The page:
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In his "Contact Portraits", Manfred Willmann composes head portraits of famous colleagues one generation older than himself such as Duane Michals, Les Krims and Ralph Gibson by putting together images from a 35 mm film contact print. Beneath each of these “contact portraits,” one of the partial photos, always an excerpt from the face, is mounted in its original contact-print size. This form reveals Willmann’s dual interest: what may seem like one of the countless repetitions of conceptual art—the reference to the material and technical apparatus of photography and the material which it produces (viewfinder, film, film format, darkroom, photo, post-processing, etc.), the concrete game with sign operations of the semiotics-obsessed 1960s and 70s—is recontextualized and, as it were, subjectivized via its being enlarged. The individual images from the contact prints— a nose, a mouth, an eye, hair—lose their purely abstract nature and become miniature physiognomic character studies. Sometimes there is in fact no detail, but rather a situational portrait which is mounted beneath the contact print in its contact-print size; the word “contact” in the portraits’ title here refers not only to the contact print (in other words, the print which is created by backlighting a film strip in its original size as it is placed upon photographic paper), but also the contact of young photographers with the first generation of New Photography masters.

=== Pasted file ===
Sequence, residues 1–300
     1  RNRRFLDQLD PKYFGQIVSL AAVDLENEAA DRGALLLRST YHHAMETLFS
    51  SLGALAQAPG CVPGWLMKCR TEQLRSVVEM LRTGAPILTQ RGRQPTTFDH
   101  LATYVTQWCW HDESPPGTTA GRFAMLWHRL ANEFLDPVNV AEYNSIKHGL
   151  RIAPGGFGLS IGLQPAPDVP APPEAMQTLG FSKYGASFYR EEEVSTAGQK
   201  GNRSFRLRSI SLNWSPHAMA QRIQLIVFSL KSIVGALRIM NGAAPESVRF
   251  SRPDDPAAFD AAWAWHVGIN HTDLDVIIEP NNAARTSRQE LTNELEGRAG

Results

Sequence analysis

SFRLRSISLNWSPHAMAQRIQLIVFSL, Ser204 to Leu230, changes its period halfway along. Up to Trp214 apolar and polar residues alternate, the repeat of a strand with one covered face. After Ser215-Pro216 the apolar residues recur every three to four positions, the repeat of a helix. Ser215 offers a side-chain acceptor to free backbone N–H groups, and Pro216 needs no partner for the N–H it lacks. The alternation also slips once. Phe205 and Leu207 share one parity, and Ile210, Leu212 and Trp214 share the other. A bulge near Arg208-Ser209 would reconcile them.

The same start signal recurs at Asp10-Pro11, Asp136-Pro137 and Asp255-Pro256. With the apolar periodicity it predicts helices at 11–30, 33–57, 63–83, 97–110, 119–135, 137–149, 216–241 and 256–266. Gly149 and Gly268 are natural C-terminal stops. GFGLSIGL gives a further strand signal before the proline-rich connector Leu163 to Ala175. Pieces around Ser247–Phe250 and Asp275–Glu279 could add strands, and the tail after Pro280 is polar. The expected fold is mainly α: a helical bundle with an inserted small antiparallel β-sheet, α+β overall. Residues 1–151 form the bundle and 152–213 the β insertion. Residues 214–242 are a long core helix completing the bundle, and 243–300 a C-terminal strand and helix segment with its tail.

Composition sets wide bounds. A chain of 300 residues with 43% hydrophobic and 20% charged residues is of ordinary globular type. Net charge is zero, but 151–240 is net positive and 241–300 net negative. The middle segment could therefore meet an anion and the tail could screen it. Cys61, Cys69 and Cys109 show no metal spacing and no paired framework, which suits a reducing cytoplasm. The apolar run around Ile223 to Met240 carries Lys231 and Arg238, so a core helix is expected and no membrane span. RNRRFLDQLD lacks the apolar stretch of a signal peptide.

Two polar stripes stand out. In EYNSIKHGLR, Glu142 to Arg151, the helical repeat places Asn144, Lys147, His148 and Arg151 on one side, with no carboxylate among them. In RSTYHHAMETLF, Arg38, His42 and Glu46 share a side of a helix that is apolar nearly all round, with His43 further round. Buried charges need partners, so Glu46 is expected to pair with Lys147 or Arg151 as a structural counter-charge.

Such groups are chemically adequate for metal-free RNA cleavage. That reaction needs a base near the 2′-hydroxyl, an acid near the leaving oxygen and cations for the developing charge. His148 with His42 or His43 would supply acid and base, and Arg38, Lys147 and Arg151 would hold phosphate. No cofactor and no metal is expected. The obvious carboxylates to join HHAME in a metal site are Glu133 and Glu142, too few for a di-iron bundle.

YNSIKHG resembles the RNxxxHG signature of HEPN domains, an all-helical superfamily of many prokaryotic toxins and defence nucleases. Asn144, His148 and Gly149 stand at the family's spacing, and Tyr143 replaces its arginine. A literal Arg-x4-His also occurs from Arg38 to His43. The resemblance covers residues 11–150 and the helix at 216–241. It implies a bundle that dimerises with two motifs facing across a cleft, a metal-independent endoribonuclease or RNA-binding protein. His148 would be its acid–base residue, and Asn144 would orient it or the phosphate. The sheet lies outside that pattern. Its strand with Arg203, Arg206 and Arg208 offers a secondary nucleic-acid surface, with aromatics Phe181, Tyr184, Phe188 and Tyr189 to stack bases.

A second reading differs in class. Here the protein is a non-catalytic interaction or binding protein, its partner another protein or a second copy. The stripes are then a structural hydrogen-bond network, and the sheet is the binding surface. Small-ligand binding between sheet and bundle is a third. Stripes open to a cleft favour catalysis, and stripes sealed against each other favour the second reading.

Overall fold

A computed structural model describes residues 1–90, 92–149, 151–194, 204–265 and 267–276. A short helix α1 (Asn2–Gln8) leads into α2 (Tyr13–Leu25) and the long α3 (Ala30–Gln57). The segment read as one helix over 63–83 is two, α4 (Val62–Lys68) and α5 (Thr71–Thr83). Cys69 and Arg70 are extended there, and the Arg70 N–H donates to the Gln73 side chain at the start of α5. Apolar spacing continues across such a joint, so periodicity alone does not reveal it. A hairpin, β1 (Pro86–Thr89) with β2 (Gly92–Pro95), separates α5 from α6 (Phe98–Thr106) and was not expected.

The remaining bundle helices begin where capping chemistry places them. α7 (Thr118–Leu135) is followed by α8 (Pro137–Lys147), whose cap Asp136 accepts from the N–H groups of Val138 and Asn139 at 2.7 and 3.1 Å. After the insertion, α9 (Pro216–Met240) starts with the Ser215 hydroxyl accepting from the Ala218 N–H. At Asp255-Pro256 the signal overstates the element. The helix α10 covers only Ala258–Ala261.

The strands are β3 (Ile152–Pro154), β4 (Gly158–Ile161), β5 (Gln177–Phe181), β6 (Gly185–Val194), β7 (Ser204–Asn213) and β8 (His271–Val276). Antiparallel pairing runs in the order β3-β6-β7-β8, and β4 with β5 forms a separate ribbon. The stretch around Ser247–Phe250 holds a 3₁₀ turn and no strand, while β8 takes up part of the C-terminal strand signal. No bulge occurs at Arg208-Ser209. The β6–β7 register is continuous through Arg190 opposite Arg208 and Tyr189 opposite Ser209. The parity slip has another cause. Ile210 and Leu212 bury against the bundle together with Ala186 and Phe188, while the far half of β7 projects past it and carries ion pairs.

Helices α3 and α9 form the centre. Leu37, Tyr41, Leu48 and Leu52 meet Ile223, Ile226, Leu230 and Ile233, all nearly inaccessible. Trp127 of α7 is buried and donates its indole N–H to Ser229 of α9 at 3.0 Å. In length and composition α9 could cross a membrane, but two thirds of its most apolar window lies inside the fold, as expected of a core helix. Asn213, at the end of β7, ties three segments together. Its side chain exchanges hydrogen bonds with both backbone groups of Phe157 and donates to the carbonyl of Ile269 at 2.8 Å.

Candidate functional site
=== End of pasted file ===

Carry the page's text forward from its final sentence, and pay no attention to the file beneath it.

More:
• Artist: Manfred Willmann
  • Original Title: Kontaktportrait Ralph Gibson
  • English Title: Contact Portrait Ralph Gibson
  • Year: 1976
  • Material: b&w photograph
  • Dimensions: Original Size: 60 x 50 cm (23 5/8 x 19 11/16 in.)
  • Inventory no.: K241
  • Category: photography
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